Latest update: March 20th, 2012
Some women who are deeply religious or intellectually inclined may delude themselves into thinking that their male counterparts will only see, appreciate and cherish their inner beauty, and that will (or should) be their overriding priority. All other surface qualities will be secondary, subordinate to the place where their neshoma stands. Truly, it is an ideal that I passionately share with them–the yearning to be seen in a soulful way, visible to the heart but not necessarily the naked eye– but unfortunately we are not living in an ideal world.
Many years ago, I had a conversation with Georgie, the internationally renowned hair stylist and sheitelmacher, who brought a certain new aesthetic to the frum world when she first launched her business. Georgie told me then that she wished she could persuade young women in shidduchim to participate in “make-over” sessions with hairstylists, cosmetologists and wardrobe consultants, who would help them achieve their best possible look. “I am often shocked by how little these girls do for themselves,” I vividly remember her saying. “How will they ever find a shidduch?”
Surprisingly, a well-known story about the Satmar Rebbe t”zl drives home this point. During his incarceration in concentration camp, the Rebbe refused to eat the meager provisions that were customarily doled out to the inmates–the proverbial crust of bread and watery soup–because of kashrus concerns. He subsisted solely on the portions of raw potatoes that Hannah*, a young woman working in the kitchen smuggled out to him daily – at great risk to her own life. The Rebbe tzl had tremendous hakoras hatov for her sacrifice, and always publicly acknowledged that she had saved his life. Later, they were both placed on the Kastner train, and found refuge in the safe haven of Switzerland. When the urge to re-embrace life asserted itself, and young refugees started dating and getting married, no one courted Hannah, who had lost all her teeth during her years of privation. One day, the Rebbe summoned his Rebbetzin, and handed her a large wad of cash. “Please give this to Hannah,” he said, “and instruct her that she should use the money to pay for dentures. And after the dentist has repaired her mouth, please tell her that she should use the rest of the money for makeup.” Soon afterwards Hannah became a kallah.
If the Satmar Rebbe t”zl – a tremendous Torah giant who resided in such lofty realms –could perceive what the obstacles were to Hannah’s attainment of a match, surely we (l’havdil) who dwell in far lower spheres should confront the need to make our daughters as shidduch-worthy as possible, no matter what it takes.
Mothers this is my plea to you: There is no reason in today’s day and age with the panoply of cosmetic and surgical procedures available, why any girl can’t be transformed into a swan. Borrow the money if you have to; it’s an investment in your daughter’s future, her life.
Recently, an acquaintance of mine reported the happy news that her first cousin had become a kallah for the first time at the tender age of forty. “She wowed her chasan with her beauty,” she said. “That’s what gave her an edge over the other women her age.” Then she paused. “Let’s see…she had a nose job….gastric bypass …botox injections….her teeth were capped…..and she wears violet-blue contact lenses…There’s practically nothing about her that’s real!” she laughed. “But…guess what? She’s getting married next month!”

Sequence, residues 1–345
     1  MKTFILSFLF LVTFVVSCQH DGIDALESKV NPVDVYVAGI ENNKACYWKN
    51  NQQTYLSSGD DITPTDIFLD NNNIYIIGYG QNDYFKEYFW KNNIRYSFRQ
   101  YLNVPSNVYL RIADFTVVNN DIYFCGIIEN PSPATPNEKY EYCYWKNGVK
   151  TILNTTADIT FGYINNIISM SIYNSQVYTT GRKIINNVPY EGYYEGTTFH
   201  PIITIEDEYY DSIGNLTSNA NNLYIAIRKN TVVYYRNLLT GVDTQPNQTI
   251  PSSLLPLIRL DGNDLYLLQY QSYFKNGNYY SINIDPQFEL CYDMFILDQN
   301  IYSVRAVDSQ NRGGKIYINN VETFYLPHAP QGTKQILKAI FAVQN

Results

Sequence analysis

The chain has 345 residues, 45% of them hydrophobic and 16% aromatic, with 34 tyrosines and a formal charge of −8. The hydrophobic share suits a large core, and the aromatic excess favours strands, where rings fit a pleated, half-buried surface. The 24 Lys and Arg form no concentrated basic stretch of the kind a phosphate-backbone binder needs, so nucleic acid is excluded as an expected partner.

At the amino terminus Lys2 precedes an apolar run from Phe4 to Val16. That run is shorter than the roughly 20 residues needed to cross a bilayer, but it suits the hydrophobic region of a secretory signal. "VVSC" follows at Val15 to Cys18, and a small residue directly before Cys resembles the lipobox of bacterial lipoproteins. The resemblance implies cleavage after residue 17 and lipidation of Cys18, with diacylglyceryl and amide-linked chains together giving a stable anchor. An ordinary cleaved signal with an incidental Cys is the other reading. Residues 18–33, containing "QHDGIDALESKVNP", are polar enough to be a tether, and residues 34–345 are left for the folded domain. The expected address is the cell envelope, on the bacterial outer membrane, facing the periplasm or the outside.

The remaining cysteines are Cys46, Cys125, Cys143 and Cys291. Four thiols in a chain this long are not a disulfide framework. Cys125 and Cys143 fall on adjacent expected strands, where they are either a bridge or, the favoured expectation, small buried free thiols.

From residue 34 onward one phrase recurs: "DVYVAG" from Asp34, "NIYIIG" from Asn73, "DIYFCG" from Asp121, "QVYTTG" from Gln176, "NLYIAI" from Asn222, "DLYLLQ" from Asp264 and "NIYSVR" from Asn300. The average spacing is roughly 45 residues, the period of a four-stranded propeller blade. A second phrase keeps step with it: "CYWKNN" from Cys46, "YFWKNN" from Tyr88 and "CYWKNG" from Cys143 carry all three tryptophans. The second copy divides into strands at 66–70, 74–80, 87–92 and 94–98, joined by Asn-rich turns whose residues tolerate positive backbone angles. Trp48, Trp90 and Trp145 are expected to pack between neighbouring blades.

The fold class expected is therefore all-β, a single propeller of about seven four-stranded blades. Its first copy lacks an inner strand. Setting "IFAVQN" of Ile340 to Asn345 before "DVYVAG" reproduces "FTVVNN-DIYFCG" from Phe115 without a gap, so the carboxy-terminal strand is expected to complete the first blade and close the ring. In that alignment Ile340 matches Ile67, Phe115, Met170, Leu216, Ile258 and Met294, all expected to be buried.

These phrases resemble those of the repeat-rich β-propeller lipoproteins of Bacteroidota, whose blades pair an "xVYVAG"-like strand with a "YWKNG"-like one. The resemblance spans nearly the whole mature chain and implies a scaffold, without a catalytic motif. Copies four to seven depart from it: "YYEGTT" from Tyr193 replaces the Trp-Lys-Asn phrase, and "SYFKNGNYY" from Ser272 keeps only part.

I grew up a homely teenager. My weight and my frizzy hair were just two of my issues. I still cringe when I think of the pain that was my constant companion. Even though I excelled in school, and my writing had been published from the time I was eight, nothing could ameliorate my self-consciousness, the terrible ache of knowing that I was not pleasing to the public eye.
One day, when I was 19, and a particularly angst-producing dating situation had ended in disaster, Dr. Jean Jofen z”l, an extraordinary woman whom I was privileged to have as a mentor, turned to me during a discussion, and apropos nothing at all, suddenly asked me why I hadn’t done anything to make myself look and feel better? I was speechless. She was right, what she said was simple and obvious, yet no one had ever asked me before. I just thought you had to take what fate dealt you; it never crossed my mind that you could change things or eliminate them altogether. (I don’t think pro-active was even a word then, or a concept, either).
Jean urged me to take some cosmetic steps that changed my life: a diet, hair-straightening, and most significant of all: a “nose job.” The resculpted nose gave me newfound confidence and spurred me to continue along a path of self-improvement. I lost 30 pounds and found Ollies, a hair-straightening salon in Queens that actually managed to tame my unruly locks. And my dating situation got much better. Although I have never trumpeted this part of my personal history in such a public way, I am doing so in order to hopefully give chizuk to the multitudes of young women who struggle – unfairly – in this very frustrating shidduch “parsha.”
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